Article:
Series V, PROFESSIONAL PAPERS, 1913-1972 (#21.13-26.7, 29.5-29.19, FD.1, F+D.3-F+D.4, M-28), contains correspondence, speeches, and reports primarily relating to Freda Kirchwey's work with organizations other than the Nation. There is considerable material from Kirchwey's trips abroad, where she met with major government and socialist leaders, and also articles by and about Freda Kirchwey, several awards, and notes for a book about the Nation that was never published. Files on organizations are mostly correspondence. General correspondence (#21.13-21.14, 29.5-29.6) includes organizations that worked for peace and social justice in the United States and internationally, such as the Committee for Asylum for Trotsky and the Committee to Award Rosika Schwimmer a Peace Prize. Travel files (#25.2-25.11) include Kirchwey's notes and correspondence for professional trips, during which she conducted business for the Nation, the Nation Associates, and on behalf of organizations and her own political interests.
Series VI, Photographs, ca.1895-1968 (#366-383f+, 434), includes portraits of Freda Kirchwey, Kirchwey and Clark family photographs, and pictures of the Nation staff and a number of dinners and conferences. When the rest of the collection was renumbered in 2016, these photograph folders retained their original numbering system.
There is related material at the Schlesinger Library: Kirchwey's correspondence with her sister, as well as a baby book for Evans Clark and Brewster Clark, and other Kirchwey family correspondence, can be found in the Dorothy Kirchwey Brown Additional Papers (MC 736).
Houghton Library, Harvard University, holds the papers of Nation editor Oswald Garrison Villard (1886-ca.1949), and records of the Nation, 1865-1893 (MS Am 1083.1) and 1879-1974 (MS Am 2302). Other early records of the Nation, 1873-1906 (MssCol 2095), are at the New York Public Library. The papers of Carey McWilliams (Collection 1319), who worked closely with Kirchwey and succeeded her as Nation editor, are held by the Charles E. Young Research Library at University of California Los Angeles.

Container List

Additional Index Terms

Anti-communist movements
Anti-fascist movements
Authors and publishers--United States
Diaries
Editors--United States
Family records
Fascism--Europe
Israel--History--1948-1967
Journalists--United States
Liberalism
Mothers and sons
New Deal, 1933-1939
Periodicals--Publishing
Publishers and publishing
Spain--History--1939-1975
Spain--History--Republic, 1931-1939
Speeches
United States--Social conditions--1933-1945
United States--Social conditions--1945-
Voyages and travels
Women editors--United States.
Women journalists--United States.
World War, 1939-1945--Social aspects
Alvarez del Vayo, Julio, 1891-
American Friends Service Committee
Anthony, Susan Brownell, 1916-
Auden, W.H. (Wystan Hugh), 1907-1973
Baldwin, Roger N. (Roger Nash), 1884-1981
Baruch, Bernard M. (Bernard Mannes), 1870-1965
Beard, Charles Austin, 1874-1948
Beard, Mary Ritter, 1876-1958
Boas, Franz, 1858-1942
Boyd-Orr, John Boyd-Orr, Baron, 1880-1971
Braden, Anne, 1924-2006
Brown, Dorothy Kirchwey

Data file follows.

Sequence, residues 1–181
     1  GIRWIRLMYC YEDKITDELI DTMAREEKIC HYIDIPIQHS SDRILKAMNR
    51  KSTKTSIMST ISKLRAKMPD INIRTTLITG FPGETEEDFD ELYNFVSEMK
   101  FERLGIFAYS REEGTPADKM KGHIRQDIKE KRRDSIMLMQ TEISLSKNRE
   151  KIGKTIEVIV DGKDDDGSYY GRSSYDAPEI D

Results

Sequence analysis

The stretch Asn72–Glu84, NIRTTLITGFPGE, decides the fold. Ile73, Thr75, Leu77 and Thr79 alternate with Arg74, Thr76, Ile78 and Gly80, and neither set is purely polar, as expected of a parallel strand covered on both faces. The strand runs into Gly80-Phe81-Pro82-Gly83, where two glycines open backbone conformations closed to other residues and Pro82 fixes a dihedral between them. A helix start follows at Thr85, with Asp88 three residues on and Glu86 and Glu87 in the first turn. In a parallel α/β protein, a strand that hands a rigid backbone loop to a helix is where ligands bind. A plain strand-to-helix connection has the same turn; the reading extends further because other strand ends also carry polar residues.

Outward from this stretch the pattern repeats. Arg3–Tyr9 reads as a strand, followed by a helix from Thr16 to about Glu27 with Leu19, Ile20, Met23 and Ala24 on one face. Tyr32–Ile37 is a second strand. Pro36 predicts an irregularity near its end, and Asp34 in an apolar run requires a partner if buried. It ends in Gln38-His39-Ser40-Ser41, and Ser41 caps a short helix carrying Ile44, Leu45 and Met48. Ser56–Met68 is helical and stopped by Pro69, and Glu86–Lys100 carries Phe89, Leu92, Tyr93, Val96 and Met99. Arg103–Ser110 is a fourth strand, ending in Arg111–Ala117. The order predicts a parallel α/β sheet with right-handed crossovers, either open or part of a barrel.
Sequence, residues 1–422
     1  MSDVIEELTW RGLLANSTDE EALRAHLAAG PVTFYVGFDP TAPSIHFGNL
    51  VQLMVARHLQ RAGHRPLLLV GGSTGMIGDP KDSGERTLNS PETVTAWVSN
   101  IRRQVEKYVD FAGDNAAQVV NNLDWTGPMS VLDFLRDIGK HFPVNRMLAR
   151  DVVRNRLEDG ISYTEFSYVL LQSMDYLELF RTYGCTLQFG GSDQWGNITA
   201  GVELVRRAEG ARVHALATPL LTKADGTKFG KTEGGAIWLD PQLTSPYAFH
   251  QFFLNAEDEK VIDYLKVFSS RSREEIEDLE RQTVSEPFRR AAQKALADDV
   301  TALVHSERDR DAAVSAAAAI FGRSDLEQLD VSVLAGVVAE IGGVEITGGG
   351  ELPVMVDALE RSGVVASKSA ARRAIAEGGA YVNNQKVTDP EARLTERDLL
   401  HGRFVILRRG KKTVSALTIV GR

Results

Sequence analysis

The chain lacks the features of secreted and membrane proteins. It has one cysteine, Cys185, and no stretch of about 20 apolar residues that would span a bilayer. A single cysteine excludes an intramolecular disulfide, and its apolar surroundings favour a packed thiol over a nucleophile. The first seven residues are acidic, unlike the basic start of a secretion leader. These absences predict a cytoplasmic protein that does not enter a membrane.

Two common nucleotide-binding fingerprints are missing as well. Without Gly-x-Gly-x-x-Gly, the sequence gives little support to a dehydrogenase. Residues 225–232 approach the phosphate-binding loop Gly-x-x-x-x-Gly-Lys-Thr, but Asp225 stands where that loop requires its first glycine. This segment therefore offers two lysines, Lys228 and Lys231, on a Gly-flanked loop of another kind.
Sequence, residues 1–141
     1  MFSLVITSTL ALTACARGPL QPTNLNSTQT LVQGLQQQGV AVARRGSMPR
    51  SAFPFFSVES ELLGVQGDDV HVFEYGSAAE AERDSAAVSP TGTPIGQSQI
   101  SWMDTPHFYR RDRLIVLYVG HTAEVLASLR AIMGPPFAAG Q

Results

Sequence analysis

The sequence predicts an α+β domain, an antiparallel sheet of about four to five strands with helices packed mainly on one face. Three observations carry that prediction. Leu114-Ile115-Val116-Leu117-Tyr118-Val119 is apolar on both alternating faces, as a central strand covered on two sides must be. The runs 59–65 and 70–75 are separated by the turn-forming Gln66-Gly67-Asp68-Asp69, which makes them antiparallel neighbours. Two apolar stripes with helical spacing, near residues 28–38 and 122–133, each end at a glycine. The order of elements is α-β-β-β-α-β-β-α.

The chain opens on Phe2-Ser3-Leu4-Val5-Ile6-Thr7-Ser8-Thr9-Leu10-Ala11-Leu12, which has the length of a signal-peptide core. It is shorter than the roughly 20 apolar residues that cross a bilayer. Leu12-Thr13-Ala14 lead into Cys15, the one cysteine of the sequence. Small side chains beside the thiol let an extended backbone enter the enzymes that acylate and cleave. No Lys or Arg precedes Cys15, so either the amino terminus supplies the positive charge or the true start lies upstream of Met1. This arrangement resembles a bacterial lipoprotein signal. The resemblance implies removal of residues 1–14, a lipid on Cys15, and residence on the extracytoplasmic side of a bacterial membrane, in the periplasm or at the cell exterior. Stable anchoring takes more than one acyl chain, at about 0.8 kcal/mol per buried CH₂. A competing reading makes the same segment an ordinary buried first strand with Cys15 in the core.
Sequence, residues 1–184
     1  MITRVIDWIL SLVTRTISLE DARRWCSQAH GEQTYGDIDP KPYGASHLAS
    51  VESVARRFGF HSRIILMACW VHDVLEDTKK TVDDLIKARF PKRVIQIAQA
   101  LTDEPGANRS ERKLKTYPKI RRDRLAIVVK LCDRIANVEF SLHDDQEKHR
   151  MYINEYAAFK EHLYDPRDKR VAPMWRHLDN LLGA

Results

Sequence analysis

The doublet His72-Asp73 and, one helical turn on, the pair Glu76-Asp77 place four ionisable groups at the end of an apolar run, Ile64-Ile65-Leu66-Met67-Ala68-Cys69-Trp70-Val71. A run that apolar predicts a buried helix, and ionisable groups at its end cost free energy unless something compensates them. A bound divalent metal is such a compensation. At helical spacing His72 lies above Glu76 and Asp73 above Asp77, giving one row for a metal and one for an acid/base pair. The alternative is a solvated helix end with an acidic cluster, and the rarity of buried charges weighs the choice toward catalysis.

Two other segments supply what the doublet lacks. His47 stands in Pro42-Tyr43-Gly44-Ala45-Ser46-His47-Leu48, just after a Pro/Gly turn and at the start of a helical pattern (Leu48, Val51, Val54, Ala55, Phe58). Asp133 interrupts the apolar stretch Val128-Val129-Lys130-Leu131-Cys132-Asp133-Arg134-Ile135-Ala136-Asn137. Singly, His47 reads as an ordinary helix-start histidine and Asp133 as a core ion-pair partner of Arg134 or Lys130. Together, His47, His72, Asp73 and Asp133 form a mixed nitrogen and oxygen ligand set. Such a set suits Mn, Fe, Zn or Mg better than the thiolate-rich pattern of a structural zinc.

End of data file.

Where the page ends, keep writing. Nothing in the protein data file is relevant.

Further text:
Burlingham, Charles Culp, 1858-1959
Celler, Emanuel, 1888-1981
Chase, Stuart, 1888-1985
Clark, Evans, 1888-1970
Committee for a Democratic Spain
Committee for World Development and World Disarmament
Dean, Vera Micheles, 1903-1972
Goldberg, Arthur Joseph
Dos Passos, John, 1896-1970
Durr, Clifford J. (Clifford Judkins), 1899-1975
Eban, Abba Solomon, 1915-2002
Eisenhower, Dwight D. (Dwight David), 1890-1969
Ernst, Morris Leopold, 1888-1976
Farrell, James T. (James Thomas), 1904-1979
Fischer, Louis, 1896-1970
Fisher, Dorothy Canfield, 1879-1958
Frank, Waldo David, 1889-1967
Gannett, Lewis, 1891-1966
Gide, André, 1869-1951
Gruening, Ernest, 1887-1974
Gunther, John, 1901-1970
Howe, Quincy, 1900-
Ickes, Harold L. (Harold LeClair), 1874-1952
Irwin, Inez Haynes, 1873-1970
Jack, Homer Alexander
Kaufman, George S. (George Simon), 1889-1961
Kellogg, Paul Underwood, 1879-1958
Keynes, John Maynard, 1883-1946
Kirchwey, George W. (George Washington), 1855-1942
Knopf, Alfred A., 1892-1984
Krutch, Joseph Wood, 1893-1970
Laidlaw, H. B. (Harriet Burton), 1874-1949
Lerner, Max, 1902-1992
Lehman, Herbert H. (Herbert Henry), 1878-1963
Lewis, John Llewellyn, 1880-1969
Lovett, Robert Morss, 1870-1956
McWilliams, Carey, 1905-1980
Magnes, Judah Leon, 1877-1948
Mann, Erika, 1905-1969
Mann, Thomas, 1875-1955
Maritain, Jacques, 1882-1973
Marshall, Thurgood, 1908-1993
Mather, Kirtley F. (Kirtley Fletcher), 1888-1978
Mencken, H.L. (Henry Louis), 1880-1956
Meyer, Annie Nathan, 1867-1951
Mills, C. Wright (Charles Wright), 1916-1962
Morgenthau, Hans Joachim, 1904-
Morgenthau, Henry, 1891-1967
Morison, Samuel Eliot, 1887-1976
Murrow, Edward R.
Myrdal, Gunnar, 1898-1987
Nathan, Otto, 1893-1987
Neruda, Pablo, 1904-1973
Norton, William Warder, 1891-1945
Niebuhr, Reinhold, 1892-1971
Norris, George W. (George William), 1861-1944
Nation (New York, N.Y. : 1865)
Nation Associates
Oxnam, G. Bromley (Garfield Bromley), 1891-1963
Pickett, Clarence, 1884-1965
Ratcliffe, Samuel K.
Romero James, Concha
Roosevelt, Eleanor, 1884-1962
Roosevelt, Franklin D. (Franklin Delano), 1882-1945
Rotch, Helen
Rougemont, Denis de, 1906-1985
Russell, Bertrand, 1872-1970
Schlesinger, Arthur M. (Arthur Meier), 1917-2007
Schultz, Lillie
Sinclair, Upton, 1878-1968
Smith, Jessica, 1895-
Southern Conference Educational Fund
Spender, Stephen, 1909-1995
Stewart, Maxwell Slutz, 1900-
Stevenson, Adlai E. (Adlai Ewing), 1900-1965
Stone, I.F. (Isidor Feinstein), 1907-1989
Storrow, James J., 1917-
Straight, Michael Whitney
Swing, Raymond Gram, 1887-1968
Tanz, Doris Wolson
Thomas, Norman, 1884-1968
Thurber, James, 1894-1961
Tree, Marietta, 1917-
Trotsky, Leon, 1879-1940
United Nations
Van Arx, Hugo
Van Doren, Dorothy, 1896-1993
Van Loon, Hendrik Willem, 1882-1944
Viereck, Peter, 1916-2006
Villard, Oswald Garrison, 1872-1949
Wagner, Robert F. (Robert Ferdinand), 1877-1953
Wallace, Henry A. (Henry Agard), 1888-1965
Weizmann, Chaim, 1874-1952
Welles, Sumner, 1892-1961
Wertheim, Maurice, 1886-1950
White, William Allen, 1868-1944
Whiting, Caroline
Willkie, Wendell L. (Wendell Lewis), 1892-1944
Women's International League for Peace and Freedom
Woolley, Mary Emma, 1863-1947
Worker's Defense League
World Center for Women's Archives
Wright, Richard, 1908-1960